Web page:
SIESTA KEY — A few days after a tragedy at Siesta Key, Sarasota County officials are reminding adults to keep track of their children and reminding everyone to learn how to recognize rip currents.

Irys Wright, 10, of Lake Wales, was apparently caught in a rip current about 6:30 p.m. Sunday. She, another juvenile victim and an adult, were pulled from the water by good Samaritans.

CPR attempts were unsuccessful and Irys was pronounced dead at Sarasota Memorial Hospital, according to a news release.

Rip currents form “around low spots or breaks in sandbars, and also near structures such as jetties and piers,” according to the National Oceanic and Atmospheric Administration. “A rip current, sometimes incorrectly called a rip tide, is a localized current that flows away from the shoreline toward the ocean, perpendicular or at an acute angle to the shoreline. It usually breaks up not far from shore and is generally not more than 80 feet wide.”

Sarasota County Lifeguard Manager Scott Montgomery said people need to know about what rip currents are and how to get out of them. Rip currents remain the No. 1 reason for water rescues along Southwest Florida and the United States.

But jumping into a rip current to save someone isn’t advised.

“The best thing to do is to yell at them to swim to their left or to their right,” Montgomery said Tuesday.

Investigation

The Sarasota County Sheriff’s Office report released Tuesday noted authorities found three subjects in distress in the water Sunday.

“As soon as the adults noticed the children were well offshore and unable to make it back to safety, two of the adults entered the water to render aid,” Sarasota County Sheriff’s Public Information Officer Kaitlyn R. Perez noted in an email.

Good Samaritans pitched in to assist. Swimmers brought out Irys and two Sarasota County Sheriff’s officers began CPR.

An adult woman and a boy, 7, also were evaluated by rescue officials and released.

A total of eight children and three adults were among the group — all from the Lake Wales area.

The death is under investigation, but witness reports indicate she was caught in a rip current. There is no evidence of neglect, authorities said.

A GoFundMe page has been set up for her at www.gofundme.com/f/share-the-love-for-the-angel-irys.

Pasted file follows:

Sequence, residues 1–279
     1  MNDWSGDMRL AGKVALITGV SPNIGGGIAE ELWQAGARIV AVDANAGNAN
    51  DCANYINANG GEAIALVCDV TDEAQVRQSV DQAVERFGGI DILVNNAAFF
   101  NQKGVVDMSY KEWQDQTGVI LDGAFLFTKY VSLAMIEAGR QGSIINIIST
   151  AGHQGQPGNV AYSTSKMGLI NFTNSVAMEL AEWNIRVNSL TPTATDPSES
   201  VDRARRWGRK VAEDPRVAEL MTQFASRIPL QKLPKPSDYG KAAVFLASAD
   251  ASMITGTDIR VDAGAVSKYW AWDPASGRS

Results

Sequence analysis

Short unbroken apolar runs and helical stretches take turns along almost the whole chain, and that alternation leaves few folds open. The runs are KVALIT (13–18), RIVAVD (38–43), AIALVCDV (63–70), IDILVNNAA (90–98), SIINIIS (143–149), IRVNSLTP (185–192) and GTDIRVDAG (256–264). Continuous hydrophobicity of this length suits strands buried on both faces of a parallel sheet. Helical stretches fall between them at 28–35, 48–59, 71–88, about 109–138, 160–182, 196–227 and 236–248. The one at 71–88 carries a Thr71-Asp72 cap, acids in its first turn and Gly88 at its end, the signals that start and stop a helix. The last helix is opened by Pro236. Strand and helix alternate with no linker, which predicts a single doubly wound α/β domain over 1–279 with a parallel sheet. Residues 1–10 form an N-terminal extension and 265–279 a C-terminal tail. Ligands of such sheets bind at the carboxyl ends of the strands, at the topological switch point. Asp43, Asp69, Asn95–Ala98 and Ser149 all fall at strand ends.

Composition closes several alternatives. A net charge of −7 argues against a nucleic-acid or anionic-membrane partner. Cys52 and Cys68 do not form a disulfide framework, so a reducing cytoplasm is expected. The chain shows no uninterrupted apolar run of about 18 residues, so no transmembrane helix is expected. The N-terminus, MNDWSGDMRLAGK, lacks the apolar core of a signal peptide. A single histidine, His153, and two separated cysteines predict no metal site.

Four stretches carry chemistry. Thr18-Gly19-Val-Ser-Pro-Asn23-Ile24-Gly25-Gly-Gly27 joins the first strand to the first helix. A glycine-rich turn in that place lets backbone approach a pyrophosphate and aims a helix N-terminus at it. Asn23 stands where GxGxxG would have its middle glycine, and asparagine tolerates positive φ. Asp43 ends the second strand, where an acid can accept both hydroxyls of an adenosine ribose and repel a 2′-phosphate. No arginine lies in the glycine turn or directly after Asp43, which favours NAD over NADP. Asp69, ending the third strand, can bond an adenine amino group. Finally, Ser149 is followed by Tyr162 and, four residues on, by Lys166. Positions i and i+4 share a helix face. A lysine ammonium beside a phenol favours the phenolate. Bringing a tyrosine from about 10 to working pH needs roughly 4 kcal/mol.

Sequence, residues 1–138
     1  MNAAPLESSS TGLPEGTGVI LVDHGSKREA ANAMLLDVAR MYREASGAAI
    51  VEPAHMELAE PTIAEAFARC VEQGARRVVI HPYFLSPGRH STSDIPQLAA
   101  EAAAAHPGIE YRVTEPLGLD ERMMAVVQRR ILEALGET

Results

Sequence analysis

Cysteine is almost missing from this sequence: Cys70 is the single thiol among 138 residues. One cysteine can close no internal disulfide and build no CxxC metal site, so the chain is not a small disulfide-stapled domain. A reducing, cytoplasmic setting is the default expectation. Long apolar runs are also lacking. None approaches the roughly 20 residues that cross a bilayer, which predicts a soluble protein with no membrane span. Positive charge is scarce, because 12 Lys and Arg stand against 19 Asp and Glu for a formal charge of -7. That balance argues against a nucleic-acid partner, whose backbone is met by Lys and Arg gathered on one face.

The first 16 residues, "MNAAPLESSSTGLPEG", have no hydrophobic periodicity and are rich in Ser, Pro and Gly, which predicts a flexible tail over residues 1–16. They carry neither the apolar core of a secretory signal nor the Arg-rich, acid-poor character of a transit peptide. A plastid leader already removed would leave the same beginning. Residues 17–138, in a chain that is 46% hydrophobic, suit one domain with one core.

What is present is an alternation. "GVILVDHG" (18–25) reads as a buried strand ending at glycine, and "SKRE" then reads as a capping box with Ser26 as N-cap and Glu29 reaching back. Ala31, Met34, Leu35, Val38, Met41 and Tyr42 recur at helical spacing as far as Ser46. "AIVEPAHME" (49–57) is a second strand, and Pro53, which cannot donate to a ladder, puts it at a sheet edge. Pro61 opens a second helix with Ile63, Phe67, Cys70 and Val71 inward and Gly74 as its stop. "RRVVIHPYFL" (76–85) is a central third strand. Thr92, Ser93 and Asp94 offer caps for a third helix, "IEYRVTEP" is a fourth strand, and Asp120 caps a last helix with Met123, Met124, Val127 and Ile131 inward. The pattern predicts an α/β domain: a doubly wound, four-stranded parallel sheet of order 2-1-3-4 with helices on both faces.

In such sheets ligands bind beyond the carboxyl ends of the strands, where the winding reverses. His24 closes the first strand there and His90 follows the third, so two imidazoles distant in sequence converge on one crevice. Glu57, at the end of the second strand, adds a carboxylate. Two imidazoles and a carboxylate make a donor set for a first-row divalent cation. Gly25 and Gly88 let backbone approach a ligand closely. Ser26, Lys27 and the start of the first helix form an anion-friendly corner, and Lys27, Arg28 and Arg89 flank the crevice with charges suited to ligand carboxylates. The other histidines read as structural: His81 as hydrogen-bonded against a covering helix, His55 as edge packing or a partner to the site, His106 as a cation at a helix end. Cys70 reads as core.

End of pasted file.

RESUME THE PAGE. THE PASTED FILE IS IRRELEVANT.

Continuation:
‘At any time’

Montgomery said it’s important to be aware of what’s going on when going to any beach. There are six beaches in Sarasota County with lifeguards, but 37 miles of shoreline where people can jump in the water without anyone watching.

Flags let people know water conditions, but they don’t go up until lifeguards are working and come down at the end of the day, Montgomery said.

Montgomery has been involved in rip current situations ever since his first year as a lifeguard at Venice Beach in 1983.

“Rip currents can pop up at any time,” he said. “They (rip currents) don’t look like the rest of the surrounding water. Foam forms around them and there will be sand around them.”

He repeated people who find themselves in a rip current should swim to their left or right — parallel to the shore.

“They take you out into the Gulf,” Montgomery said. “You need to break the grip of the rip. Swim to your left or right and you’ll be out of the grip and then swim back to the shore.”

Water rescues

While lifeguards are out to save people, swimmers need to know their own situations.

“Last year, we had 140 water rescues,” he said. “The majority of those were up at Lido Beach where there was a sand bar that people would swim out to.”

Some of them would become exhausted coming back — that’s when the rescues tended to happen, he said.

Lifeguards work on preventative measures, eyeing people at the beach who may experience trouble. Lifeguards will “interact” with those people early, Montgomery said.

“Someone we think isn’t a good swimmer — looking at their swimming ability — or they’re doing something in the water that we feel like they can get themselves hurt or going out too far, for our comfort, so we’ll ask them to come closer to shore,” he said.

The interaction may involve blowing a whistle, an air horn or going out on a board to talk to them, he said. While they had 140 water rescues in 2019, they had between 30,000-40,000 preventative measures during the same time frame.

“(Lifeguards) are putting their life on the line. That is there job and we know that. But if we can do these preventative measures first, that’s better for everyone around,” he said.

Different dangers

Each beach has “its own characteristics,” Montgomery said. Lido is usually quieter; Siesta is usually busier, and beaches near the Venice Inlet jetties have different currents because of the inlet. And each beach has “different bottom contours,” he said. Siesta Key’s waters tend to stay shallow farther out than other beaches — depending on the tide.

People should feel free to talk to lifeguards before going into the water, he said. They will give more information on weather and water conditions if they are asked.

Different circumstances lead to different dangers.

“It’s really situational … weather conditions dictate rip currents; crowded beaches tend to dictate inexperienced swimmers going out thinking: ‘It’s blue, it’s inviting,’” he said. And then they can end up in trouble.

“It does cause sleepless nights … a drowning is not something we like to read about,” he said.

His advice: Go to a beach where lifeguards are on duty; read the rip current safety signs with children if you’re bringing them along; talk to lifeguards about water conditions; check the flags.

“Know your skills and abilities,” Montgomery said. “And if you’re bringing your children to the beach, keep your eye on them, be in the water with them if they go swimming.”

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